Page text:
The Chattanooga Public Works’ Water Quality Program describes the Design Competition as “Chattanooga’s first Low Impact Design (LID)/ Green Infrastructure design competition will challenge design teams to demonstrate efficient, sustainable, cost-effective approaches to stormwater management and beautification of city infrastructure,” and that this “collaborative effort includes participation and input from Chattanooga’s Public Works Department (Engineering and Water Quality) and Chattanooga-Hamilton County RPA, and is funded by the Lyndhurst Foundation through a contract with Green|Spaces.”

According to an article by The Chattanoogan, the “competition participation requirements include a design team consisting of three licensed participants: engineer, architect, and landscape architect” and that “at least one member of each team based in Chattanooga and team leaders must be licensed in Tennessee.” This helps to ensure that the teams are well-qualified for the design competition and knowledgeable of both the region and state. The Chattanooga Times Free Press quotes Lee Norris, the current Administrator for the Department of Public Works, as saying,”the goal here is to get the architects, engineers and developers to get on the same page to see how green infrasture [sic] can work on different areas.”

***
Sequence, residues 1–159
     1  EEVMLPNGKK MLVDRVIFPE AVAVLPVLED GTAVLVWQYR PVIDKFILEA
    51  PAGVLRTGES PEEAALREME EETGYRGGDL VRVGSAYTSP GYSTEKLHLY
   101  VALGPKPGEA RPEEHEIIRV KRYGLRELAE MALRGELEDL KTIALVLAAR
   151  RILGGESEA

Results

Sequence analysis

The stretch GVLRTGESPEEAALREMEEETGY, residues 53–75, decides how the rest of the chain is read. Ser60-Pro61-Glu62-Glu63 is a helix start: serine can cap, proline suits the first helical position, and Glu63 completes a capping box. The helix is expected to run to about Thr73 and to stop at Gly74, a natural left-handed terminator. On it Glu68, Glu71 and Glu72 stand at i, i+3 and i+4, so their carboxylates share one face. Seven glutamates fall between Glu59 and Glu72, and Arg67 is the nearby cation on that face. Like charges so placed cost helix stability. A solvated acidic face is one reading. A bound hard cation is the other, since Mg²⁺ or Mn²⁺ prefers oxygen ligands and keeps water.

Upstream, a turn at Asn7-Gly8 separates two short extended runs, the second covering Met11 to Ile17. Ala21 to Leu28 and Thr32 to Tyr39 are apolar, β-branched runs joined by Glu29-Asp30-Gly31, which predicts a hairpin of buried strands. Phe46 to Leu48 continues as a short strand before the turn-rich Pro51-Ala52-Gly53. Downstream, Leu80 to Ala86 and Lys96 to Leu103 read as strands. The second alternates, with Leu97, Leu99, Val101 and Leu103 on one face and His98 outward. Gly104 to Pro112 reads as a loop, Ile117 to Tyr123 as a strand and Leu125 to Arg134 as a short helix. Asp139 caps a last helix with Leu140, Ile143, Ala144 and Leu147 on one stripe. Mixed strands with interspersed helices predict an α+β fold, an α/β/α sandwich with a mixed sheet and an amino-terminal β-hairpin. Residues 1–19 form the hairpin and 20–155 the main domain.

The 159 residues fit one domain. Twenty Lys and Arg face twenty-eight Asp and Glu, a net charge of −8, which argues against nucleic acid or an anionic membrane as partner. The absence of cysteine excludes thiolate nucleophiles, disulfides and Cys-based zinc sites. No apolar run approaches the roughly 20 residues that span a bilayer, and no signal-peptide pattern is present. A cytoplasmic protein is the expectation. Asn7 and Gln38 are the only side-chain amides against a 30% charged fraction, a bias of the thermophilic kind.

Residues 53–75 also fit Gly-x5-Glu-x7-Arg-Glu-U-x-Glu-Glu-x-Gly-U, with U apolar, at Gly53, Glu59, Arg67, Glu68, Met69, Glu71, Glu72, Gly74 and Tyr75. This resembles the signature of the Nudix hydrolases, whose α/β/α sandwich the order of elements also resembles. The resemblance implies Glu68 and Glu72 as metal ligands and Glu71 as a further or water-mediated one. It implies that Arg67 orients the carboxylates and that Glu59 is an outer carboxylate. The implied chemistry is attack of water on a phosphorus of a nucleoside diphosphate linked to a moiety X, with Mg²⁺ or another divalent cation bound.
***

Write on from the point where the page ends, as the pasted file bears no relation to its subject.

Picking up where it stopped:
Credit: Green|Spaces

Green|Spaces Logo

According to their mission statement, Green|Spaces “works towards regional sustainability by progressing the way we live, work and build.” It has been integral to achieving sustainability in Chattanooga since the initiative began in 2008 and has been involved in many projects in the region that include 17 LEED-certified projects.


The Chattanoogan article quotes Mayor Andy Berke on the Design Competition, “This is an important partnership that can highlight Chattanooga’s commitment to innovative, sustainable practices. Through a competitive process, we will empower talented individuals to explore solutions that can ultimately make our neighborhoods stronger and create a positive impact in every district of Chattanooga.”